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Oldest known evidence of human settlements in Australia's outback found

Archaeologists discovered ancient artefacts in a South Australian cave that have been dated to as far back as 49,000 years ago.
●    The site, which is a newly discovered cave in the Flinders Ranges, about 550 km north of Adelaide, is known as the Warratyi rock-shelter. 
●    Archaeologist Giles Hamm from La Trobe University in Melbourne led the excavations at the cave, finding what appear to be some of the oldest bone and quartz tools ever found in Australia.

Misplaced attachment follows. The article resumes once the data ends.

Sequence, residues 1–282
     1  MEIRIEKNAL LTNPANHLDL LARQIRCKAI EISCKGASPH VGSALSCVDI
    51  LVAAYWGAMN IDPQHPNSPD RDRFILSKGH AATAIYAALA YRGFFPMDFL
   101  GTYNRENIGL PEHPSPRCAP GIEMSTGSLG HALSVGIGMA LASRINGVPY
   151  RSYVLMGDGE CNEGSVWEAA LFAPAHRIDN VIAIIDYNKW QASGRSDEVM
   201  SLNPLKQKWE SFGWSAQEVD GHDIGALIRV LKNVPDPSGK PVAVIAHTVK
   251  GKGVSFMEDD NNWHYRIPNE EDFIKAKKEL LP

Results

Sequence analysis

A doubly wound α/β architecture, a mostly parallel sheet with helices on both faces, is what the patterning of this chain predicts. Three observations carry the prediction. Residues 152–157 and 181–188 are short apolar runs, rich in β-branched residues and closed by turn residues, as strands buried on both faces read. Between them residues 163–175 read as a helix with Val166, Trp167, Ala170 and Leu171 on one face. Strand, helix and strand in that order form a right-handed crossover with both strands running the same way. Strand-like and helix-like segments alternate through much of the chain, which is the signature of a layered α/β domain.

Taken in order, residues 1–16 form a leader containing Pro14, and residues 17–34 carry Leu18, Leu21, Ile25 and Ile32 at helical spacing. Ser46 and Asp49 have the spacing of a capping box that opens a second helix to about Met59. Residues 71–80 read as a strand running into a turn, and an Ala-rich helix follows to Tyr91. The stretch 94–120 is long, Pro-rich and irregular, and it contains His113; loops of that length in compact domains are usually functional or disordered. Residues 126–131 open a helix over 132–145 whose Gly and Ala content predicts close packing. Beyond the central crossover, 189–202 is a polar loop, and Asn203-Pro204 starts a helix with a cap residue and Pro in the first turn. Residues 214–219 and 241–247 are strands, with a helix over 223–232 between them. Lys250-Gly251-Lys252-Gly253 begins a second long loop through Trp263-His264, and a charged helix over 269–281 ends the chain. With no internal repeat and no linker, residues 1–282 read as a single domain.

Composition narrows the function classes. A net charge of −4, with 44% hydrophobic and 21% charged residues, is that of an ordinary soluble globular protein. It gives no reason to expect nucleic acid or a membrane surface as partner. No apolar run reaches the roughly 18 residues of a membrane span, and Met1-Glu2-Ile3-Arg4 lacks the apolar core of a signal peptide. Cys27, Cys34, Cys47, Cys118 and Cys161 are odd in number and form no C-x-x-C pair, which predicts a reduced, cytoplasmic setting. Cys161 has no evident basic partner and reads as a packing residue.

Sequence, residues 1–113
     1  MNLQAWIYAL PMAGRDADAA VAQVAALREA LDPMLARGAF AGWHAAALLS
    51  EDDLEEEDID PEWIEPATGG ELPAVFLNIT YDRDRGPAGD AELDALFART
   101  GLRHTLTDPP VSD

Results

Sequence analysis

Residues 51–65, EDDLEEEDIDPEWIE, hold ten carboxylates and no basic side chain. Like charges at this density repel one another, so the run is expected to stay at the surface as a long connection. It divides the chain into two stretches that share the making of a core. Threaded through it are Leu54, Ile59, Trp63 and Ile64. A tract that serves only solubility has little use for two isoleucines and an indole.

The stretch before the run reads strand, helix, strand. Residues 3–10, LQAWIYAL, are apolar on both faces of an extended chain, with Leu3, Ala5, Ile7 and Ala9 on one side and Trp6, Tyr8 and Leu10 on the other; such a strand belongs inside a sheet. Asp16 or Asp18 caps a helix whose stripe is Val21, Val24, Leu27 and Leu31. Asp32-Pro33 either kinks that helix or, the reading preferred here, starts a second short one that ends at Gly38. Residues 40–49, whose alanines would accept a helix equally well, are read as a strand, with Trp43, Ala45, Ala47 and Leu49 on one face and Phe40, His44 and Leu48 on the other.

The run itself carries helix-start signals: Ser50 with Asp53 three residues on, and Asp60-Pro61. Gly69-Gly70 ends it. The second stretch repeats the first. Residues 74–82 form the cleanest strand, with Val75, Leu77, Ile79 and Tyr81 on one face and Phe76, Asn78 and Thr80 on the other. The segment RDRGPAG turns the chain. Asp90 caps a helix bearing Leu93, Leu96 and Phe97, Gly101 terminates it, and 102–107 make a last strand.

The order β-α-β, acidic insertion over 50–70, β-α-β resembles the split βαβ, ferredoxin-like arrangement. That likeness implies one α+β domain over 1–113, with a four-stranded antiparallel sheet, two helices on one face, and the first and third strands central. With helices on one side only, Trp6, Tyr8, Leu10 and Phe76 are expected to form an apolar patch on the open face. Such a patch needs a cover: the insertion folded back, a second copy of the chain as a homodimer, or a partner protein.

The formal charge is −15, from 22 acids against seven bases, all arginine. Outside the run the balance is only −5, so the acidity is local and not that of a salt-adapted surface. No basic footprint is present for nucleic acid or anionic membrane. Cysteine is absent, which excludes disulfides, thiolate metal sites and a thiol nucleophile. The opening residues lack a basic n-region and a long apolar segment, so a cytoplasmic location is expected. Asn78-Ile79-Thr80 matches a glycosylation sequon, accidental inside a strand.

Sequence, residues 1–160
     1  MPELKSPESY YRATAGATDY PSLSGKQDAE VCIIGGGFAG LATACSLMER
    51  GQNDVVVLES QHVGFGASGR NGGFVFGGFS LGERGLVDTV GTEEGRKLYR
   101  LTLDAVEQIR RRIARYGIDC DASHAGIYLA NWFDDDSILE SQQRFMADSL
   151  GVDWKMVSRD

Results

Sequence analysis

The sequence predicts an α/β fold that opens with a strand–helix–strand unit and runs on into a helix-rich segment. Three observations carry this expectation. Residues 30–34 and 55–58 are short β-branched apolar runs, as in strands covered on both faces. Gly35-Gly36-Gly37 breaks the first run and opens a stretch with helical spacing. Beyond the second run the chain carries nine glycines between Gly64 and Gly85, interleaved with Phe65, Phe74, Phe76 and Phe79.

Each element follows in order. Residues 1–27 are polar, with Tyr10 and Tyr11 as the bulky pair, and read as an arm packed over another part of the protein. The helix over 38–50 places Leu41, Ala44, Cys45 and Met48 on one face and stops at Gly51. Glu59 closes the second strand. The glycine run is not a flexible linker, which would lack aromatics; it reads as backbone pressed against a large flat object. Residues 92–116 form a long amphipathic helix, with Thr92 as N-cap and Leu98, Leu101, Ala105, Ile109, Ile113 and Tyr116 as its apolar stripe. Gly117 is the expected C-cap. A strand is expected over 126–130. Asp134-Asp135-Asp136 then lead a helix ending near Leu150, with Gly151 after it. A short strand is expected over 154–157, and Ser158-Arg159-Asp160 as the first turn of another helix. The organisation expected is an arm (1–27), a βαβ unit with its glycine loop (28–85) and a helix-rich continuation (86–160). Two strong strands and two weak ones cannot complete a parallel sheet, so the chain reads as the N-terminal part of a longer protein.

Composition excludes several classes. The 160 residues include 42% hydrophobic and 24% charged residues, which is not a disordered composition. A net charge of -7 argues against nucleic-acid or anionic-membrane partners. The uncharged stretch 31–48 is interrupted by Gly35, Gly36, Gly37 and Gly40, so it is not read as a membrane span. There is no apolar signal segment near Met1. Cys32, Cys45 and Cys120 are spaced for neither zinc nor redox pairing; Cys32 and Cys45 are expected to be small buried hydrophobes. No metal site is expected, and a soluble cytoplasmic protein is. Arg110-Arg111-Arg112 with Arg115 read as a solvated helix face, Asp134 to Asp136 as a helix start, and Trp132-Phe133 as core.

●    Until now, the oldest human tool found in Australia’s vast, interior has been a tiny axe fragment found earlier this year in the Carpenter's Gap rock-shelter of the Kimberley region of northwest Australia.
●    The tools have been dated based on a couple of estimates but radiocarbon dating of the burnt eggshells, revealed them to be between 45,000 and 49,000 years old.

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